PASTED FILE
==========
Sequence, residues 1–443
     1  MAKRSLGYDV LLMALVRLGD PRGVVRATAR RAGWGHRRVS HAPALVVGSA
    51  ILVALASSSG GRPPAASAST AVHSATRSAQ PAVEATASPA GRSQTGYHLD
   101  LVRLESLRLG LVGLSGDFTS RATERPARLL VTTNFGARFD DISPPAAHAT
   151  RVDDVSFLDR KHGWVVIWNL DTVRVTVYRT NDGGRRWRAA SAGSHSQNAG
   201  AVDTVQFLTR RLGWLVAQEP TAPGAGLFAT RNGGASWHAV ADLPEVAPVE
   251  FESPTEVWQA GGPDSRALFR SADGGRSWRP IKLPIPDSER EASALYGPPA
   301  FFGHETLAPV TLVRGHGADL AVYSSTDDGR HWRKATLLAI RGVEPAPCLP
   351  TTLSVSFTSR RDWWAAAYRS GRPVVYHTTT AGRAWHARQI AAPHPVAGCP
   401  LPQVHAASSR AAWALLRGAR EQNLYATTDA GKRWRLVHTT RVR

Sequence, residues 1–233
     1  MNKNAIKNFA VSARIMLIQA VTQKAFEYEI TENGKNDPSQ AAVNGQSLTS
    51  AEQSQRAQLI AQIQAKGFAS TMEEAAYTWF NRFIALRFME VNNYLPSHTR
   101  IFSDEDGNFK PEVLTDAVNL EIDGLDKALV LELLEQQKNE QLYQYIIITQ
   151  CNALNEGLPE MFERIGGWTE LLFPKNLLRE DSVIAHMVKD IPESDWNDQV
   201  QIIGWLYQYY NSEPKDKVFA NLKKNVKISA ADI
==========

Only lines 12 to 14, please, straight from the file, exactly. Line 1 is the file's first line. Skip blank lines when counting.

     1  MNKNAIKNFA VSARIMLIQA VTQKAFEYEI TENGKNDPSQ AAVNGQSLTS
    51  AEQSQRAQLI AQIQAKGFAS TMEEAAYTWF NRFIALRFME VNNYLPSHTR
   101  IFSDEDGNFK PEVLTDAVNL EIDGLDKALV LELLEQQKNE QLYQYIIITQ